Metamorphosis is change of form. This location in Seattle is a prime example: from deep lake water to immense cattail marsh, to garbage dump, and, finally, to seeding and restoration.
Over cattail marsh and lake waters, 14,410-foot Mount Rainier is the backdrop while I check out waterfowl, grebes, a passing Bald Eagle, and, at the right time, thousands of crows returning to their night roost across the lake.
If I make a quarter-turn, I can look over a prairie-type landscape with Killdeer, a variety of nesting birds in the spring and summer, geese, ducks, herons, raptors, and pheasants. After another quarter-turn I face a wooded area where warblers arrive in the spring, and where native Washington chickadees, nuthatches, Steller’s Jays, and other birds spend the year. Turn again and I see ponds, native plants, a hunting Northern Harrier, and in the background, Husky Stadium of the University of Washington, where Barn Owls once nested.
I love the wonderful diversity of plants and wildlife plus the wide walking trails. Here in the midst of a large, bustling city is a 55-acre oasis, an outstanding escape for me. It’s a true urban wonderland. — Diann MacRae
Diann MacRae is editor of the Washington Ornithological Society newsletter and coordinator of the Olympic Vulture Study. She also wrote about Discovery Park in Seattle, Washington, Hotspot Near You No. 58.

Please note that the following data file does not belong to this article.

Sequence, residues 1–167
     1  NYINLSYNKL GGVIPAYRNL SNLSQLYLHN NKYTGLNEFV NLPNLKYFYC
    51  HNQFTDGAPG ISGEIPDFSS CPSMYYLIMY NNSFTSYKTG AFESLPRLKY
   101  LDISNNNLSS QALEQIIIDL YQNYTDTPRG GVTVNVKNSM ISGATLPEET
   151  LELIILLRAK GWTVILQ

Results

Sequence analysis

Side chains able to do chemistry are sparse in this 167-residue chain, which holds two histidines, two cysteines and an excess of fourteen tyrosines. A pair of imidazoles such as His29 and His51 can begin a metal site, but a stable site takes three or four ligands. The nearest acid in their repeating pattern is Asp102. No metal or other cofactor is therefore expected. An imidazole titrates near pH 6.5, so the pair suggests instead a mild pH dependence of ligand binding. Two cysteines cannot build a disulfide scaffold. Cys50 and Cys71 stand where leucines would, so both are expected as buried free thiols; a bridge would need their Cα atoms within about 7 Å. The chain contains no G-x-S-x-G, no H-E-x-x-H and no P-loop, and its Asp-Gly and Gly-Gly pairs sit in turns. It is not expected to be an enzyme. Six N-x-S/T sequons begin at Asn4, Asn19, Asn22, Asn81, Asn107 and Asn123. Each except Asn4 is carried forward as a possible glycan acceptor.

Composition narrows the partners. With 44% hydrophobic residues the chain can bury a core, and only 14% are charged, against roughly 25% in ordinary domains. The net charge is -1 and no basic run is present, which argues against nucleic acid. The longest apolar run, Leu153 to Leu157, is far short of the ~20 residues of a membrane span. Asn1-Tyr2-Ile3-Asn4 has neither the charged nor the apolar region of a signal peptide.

Union Bay Natural Area
University of Washington Botanic Gardens
Box 354115, Seattle, WA 98195-4115
Lake, ponds, woodland, shrub/grassland, wetlands, managed wildlife area, and trails.
Flat. Gravel paths are wide but not good for wheelchairs. No roads lead into area.
Nearly 200 species. Common: Cackling Goose, Wood Duck, Hooded Merganser, both wigeons, Long- and Short-billed Dowitchers, and Least and Western Sandpipers. Peregrine Falcon, Wilson’s Phalarope, and Stilt, Semipalmated, Pectoral, Baird’s, and Solitary Sandpipers also seen. Rarities include Cattle Egret, Black-headed Gull, Black Tern, Barn Owl, Sage Thrasher, Clay-colored Sparrow, and Chestnut-collared and Lapland Longspurs.
When to go
All year, but stay away Saturdays in fall when the Huskies play football.
Adjacent Center for Urban Horticulture has excellent library, restrooms, parking, and classrooms, and restaurants, lodging, and stores are within walking distance.
Part of the University of Washington. No permits, hours of closure, or fees. Park on street, at the Center for Urban Horticulture, or either in lot E-1 (fee $5/day, payable in five $1 bills, one $5 bill, or 20 quarters) or in E-5 (fee $2.50). UW Parking Services, (206) 685-1543. UW Visitors Information Center, (206) 543-9198.
Wear a windbreaker in summer and a parka, hat, and gloves from fall to spring. A scope will help you see water birds on Union Bay.